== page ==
On Lower Complexity Bounds for LargeScale Smooth Convex Optimization. ArXiv eprints,
, 2014
"... Abstract In this note we present tight lower bounds on the informationbased complexity of largescale smooth convex minimization problems. We demonstrate, in particular, that the kstep Conditional Gradient (a.k.a. FrankWolfe) algorithm as applied to minimizing smooth convex functions over the n ..."
Abstract

Cited by 5 (1 self)
 Add to MetaCart
Abstract In this note we present tight lower bounds on the informationbased complexity of largescale smooth convex minimization problems. We demonstrate, in particular, that the kstep Conditional Gradient (a.k.a. FrankWolfe) algorithm as applied to minimizing smooth convex functions over the ndimensional box with n ≥ k is optimal, up to an O(ln n)factor, in terms of informationbased complexity.
Conditional gradient sliding for convex optimization
, 2014
"... Abstract In this paper, we present a new conditional gradient type method for convex optimization by utilizing a linear optimization (LO) oracle to minimize a series of linear functions over the feasible set. Different from the classic conditional gradient method, the conditional gradient sliding ( ..."
Abstract

Cited by 2 (0 self)
 Add to MetaCart
(Show Context)
Abstract In this paper, we present a new conditional gradient type method for convex optimization by utilizing a linear optimization (LO) oracle to minimize a series of linear functions over the feasible set. Different from the classic conditional gradient method, the conditional gradient sliding (CGS) algorithm developed herein can skip the computation of gradients from time to time, and as a result, can achieve the optimal complexity bounds in terms of not only the number of calls to the LO oracle, but also the number of gradient evaluations. More specifically, we show that the CGS method requires O(1/ √ ) and O(log(1/ )) gradient evaluations, respectively, for solving smooth and strongly convex problems, while still maintaining the optimal O(1/ ) bound on the number of calls to the LO oracle. We also develop variants of the CGS method which can achieve the optimal complexity bounds for solving stochastic optimization problems and an important class of saddle point optimization problems. To the best of our knowledge, this is the first time that these types of projectionfree optimal firstorder methods have been developed in the literature. Some preliminary numerical results have also been provided to demonstrate the advantages of the CGS method.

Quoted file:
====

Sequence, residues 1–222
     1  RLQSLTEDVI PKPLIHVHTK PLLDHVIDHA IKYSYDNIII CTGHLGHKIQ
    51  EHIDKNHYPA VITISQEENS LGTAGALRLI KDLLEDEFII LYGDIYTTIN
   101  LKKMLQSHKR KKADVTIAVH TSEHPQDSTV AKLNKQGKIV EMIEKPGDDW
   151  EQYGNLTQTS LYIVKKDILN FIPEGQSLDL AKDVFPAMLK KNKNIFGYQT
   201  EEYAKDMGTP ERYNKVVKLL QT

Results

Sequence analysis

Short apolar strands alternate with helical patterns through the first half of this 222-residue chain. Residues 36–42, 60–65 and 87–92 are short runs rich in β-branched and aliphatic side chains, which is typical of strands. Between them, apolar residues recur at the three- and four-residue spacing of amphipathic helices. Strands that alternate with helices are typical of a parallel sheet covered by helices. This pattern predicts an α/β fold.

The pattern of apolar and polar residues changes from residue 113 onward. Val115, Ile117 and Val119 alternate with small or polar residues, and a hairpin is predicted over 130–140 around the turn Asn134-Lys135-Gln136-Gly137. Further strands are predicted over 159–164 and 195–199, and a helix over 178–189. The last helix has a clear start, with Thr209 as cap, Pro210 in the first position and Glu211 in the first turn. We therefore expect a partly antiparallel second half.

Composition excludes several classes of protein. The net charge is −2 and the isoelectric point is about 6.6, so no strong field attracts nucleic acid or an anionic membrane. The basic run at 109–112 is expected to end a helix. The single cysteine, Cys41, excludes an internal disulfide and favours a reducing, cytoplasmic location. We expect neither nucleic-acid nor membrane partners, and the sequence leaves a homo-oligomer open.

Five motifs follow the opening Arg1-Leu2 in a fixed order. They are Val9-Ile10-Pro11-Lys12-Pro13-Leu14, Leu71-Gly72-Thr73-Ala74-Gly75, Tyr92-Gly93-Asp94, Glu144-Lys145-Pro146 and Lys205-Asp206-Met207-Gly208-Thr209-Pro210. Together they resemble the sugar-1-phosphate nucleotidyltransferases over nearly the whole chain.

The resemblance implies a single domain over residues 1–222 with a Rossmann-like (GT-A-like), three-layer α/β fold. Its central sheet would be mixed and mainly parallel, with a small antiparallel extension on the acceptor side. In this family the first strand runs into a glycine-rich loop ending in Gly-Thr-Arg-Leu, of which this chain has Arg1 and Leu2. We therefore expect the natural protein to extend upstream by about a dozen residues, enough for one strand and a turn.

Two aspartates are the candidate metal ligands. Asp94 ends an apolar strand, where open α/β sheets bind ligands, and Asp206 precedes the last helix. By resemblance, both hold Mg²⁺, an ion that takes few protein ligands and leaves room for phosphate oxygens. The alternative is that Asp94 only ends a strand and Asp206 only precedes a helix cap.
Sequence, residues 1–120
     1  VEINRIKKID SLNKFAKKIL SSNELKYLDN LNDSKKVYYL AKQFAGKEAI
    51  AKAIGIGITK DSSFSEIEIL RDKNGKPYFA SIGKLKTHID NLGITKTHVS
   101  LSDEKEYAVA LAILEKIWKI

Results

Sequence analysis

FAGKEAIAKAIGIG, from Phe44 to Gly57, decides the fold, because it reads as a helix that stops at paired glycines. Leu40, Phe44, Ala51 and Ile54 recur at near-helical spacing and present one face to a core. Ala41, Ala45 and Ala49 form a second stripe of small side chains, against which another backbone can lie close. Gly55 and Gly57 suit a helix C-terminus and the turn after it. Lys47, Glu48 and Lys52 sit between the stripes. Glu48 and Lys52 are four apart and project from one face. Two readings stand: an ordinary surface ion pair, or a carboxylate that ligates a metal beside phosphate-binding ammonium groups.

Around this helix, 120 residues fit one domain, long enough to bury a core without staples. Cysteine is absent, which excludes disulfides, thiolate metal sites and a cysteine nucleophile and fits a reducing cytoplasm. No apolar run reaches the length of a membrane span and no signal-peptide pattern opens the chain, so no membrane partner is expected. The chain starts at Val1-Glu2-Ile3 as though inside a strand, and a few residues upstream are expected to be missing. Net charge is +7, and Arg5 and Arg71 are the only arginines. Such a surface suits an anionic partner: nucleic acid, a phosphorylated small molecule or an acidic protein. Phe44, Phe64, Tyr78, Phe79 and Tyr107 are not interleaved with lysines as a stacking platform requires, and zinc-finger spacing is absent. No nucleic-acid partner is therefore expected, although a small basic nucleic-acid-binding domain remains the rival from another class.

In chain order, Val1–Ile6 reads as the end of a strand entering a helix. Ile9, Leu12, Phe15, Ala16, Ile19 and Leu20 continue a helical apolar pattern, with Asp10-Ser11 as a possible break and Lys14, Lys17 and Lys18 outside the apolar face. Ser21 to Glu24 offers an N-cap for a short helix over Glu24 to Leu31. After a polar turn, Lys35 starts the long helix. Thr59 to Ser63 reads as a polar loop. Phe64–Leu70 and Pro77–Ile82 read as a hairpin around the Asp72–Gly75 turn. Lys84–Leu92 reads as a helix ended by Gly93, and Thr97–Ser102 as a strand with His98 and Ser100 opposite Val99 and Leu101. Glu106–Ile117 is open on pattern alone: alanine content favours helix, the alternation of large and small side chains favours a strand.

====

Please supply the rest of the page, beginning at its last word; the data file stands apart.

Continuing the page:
S.: Iteration bounds for finding stationary points of structured nonconvex optimization. Working Paper
, 2014
"... In this paper we study proximal conditionalgradient (CG) and proximal gradientprojection type algorithms for a blockstructured constrained nonconvex optimization model, which arises naturally from tensor data analysis. First, we introduce a new notion of stationarity, which is suitable for the s ..."
Abstract

Cited by 1 (0 self)
 Add to MetaCart
(Show Context)